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Measuring the Impact of Nutrition Labels on Food Purchasing Decisions: A field experiment with scanner data

  • Joshua P. Berning


    (University of Connecticut)

  • Hayley H. Chouinard


    (Washington State University)

  • Jill J. McCluskey


    (Washington State University)

A simple experiment is used to examine the effect of grocery store nutrition labels on the sales of microwave popcorn in the East Bay area of California. Using an incomplete demand system we estimate the impact of the nutrition labels on sales of healthy (products that merit a nutrition label) and unhealthy (products that do not merit a nutrition label) microwave popcorn. Contrary to expectations, we find that nutrition labels decrease sales of healthy popcorn and increase sales of unhealthy popcorn across all stores. We speculate that nutrition labels on popcorn may signal unwanted product characteristics such as undesirable taste. Our findings highlight unintended effects created by nutrition labels. In terms of public welfare, it is important to consider not just the content of private industry nutrition labels but the effect they have on consumer behavior.

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Paper provided by University of Connecticut, Department of Agricultural and Resource Economics, Charles J. Zwick Center for Food and Resource Policy in its series Food Marketing Policy Center Research Reports with number 117.

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Length: 33 pages
Date of creation: Oct 2009
Date of revision:
Handle: RePEc:zwi:fpcrep:117
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  1. Hayley H. Chouinard & David E. Davis & Jeffrey LaFrance & Jeffrey M. Perloff, 2008. "Milk Marketing Order Winners and Losers," Working Papers 2009-03, School of Economic Sciences, Washington State University.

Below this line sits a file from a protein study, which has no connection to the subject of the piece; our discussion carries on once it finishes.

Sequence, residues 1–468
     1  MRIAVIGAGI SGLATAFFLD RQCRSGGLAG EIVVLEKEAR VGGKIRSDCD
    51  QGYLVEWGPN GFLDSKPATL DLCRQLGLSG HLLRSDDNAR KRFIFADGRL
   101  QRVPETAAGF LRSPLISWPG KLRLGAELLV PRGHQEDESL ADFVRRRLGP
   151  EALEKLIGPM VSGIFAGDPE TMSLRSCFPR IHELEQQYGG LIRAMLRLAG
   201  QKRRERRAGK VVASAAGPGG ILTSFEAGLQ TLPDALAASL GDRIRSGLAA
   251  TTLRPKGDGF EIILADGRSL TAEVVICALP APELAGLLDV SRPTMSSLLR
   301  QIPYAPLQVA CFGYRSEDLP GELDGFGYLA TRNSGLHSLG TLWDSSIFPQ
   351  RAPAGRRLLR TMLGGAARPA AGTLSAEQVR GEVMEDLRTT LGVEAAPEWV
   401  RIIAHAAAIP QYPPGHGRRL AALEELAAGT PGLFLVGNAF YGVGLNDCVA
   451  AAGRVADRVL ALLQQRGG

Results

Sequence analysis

2. Jeffrey T. LaFrance, 1990. "Incomplete Demand Systems And Semilogarithmic Demand Models," Australian Journal of Agricultural and Resource Economics, Australian Agricultural and Resource Economics Society, vol. 34(2), pages 118-131, 08.
  3. Foster, William & Just, Richard E., 1989. "Measuring welfare effects of product contamination with consumer uncertainty," Journal of Environmental Economics and Management, Elsevier, vol. 17(3), pages 266-283, November.
  4. LaFrance, Jeffrey T., 2004. "Integrability of the linear approximate almost ideal demand system," Economics Letters, Elsevier, vol. 84(3), pages 297-303, September.
  5. Kling, Catherine L. & Dorfman, Jeffrey & Sexton, Richard, 1990. "Confidence Intervals for Elasticities and Flexibilities: Re-Evaluating the Ratios of Normals Case," Staff General Research Papers 1582, Iowa State University, Department of Economics.
  6. Mario F. Teisl & Nancy E. Bockstael & Alan Levy, 2001. "Measuring the Welfare Effects of Nutrition Information," American Journal of Agricultural Economics, Agricultural and Applied Economics Association, vol. 83(1), pages 133-149.
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